STATE COLLEGE, Pa. -- Ryan Burke, 21, of Scranton was handed three months house arrest and another 27 months of probation for his role in the hazing death of a 19-year-old college pledge.
Burke received that sentence at the Centre County Courthouse Annex.
He was also given 100 hours of community service and must pay thousands of dollars in fines.
In State College, some students feel he should have received jail time which was what the prosecution wanted.
“They definitely should have looked out for him, especially since this was a hazing. It wasn't just them drinking to have fun. This was a hazing, like you are responsible for that individual,” said Penn State senior Angela Dam. “So yeah, I honestly think they should have gotten more time.”
Burke pleaded guilty to hazing charges in June, making him the first to plead guilty out of the more than 20 members of Beta Theta Pi who were charged after the death of Timothy Piazza.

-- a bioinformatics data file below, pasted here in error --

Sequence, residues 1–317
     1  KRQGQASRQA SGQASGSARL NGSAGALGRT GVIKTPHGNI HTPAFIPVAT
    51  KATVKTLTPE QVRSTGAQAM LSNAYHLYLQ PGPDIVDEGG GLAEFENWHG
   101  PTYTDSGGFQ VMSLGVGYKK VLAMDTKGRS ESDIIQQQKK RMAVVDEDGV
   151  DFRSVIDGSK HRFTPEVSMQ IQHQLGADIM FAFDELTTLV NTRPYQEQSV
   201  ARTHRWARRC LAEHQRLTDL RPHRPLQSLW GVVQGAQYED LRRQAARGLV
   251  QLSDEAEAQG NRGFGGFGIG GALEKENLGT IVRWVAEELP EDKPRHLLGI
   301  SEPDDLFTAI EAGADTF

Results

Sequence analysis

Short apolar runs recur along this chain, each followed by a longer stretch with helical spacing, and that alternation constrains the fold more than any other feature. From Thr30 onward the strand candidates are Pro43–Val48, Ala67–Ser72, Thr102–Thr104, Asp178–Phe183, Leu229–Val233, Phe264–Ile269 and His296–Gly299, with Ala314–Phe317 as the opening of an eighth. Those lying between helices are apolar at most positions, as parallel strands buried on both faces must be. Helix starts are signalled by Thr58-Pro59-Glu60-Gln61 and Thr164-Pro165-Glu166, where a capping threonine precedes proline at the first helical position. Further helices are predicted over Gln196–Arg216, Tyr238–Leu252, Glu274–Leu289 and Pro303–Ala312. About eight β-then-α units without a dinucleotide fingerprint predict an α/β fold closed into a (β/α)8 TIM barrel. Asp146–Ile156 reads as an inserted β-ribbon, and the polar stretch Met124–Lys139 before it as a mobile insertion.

“Since he pleaded guilty, I think they probably took it a little more easy on him, rather than if he didn't plead guilty,” said Penn State freshman Mason Zehr.
Prosecutors allege Piazza died after a night of heavy drinking and several falls at the frat house in February 2017 and are holding those frat brothers responsible.
“I feel like some jail time would be proper given they did ultimately commit some sort of murder,” said Penn State graduate Steve Engblom.
While some students here do feel those charged should see some time behind bars, they don't believe Greek life should be banned from the university.
"Some fraternities are for the community. I thought that was kind of point for them. I'm not into Greek life whatsoever, but yeah, we should get away from fraternities or sororities,” said Dam.
“There are plenty of fraternities out there that do good for the community,” said Engblom. “There are plenty out there that do well, but then there are the bunch like Beta Theta Phi, like all the bad eggs that really bad representation of Greek life as a whole.”
The other frat members charged maintain their innocence and are planning to go to trial.
Some of them are expected in Centre County court later this year.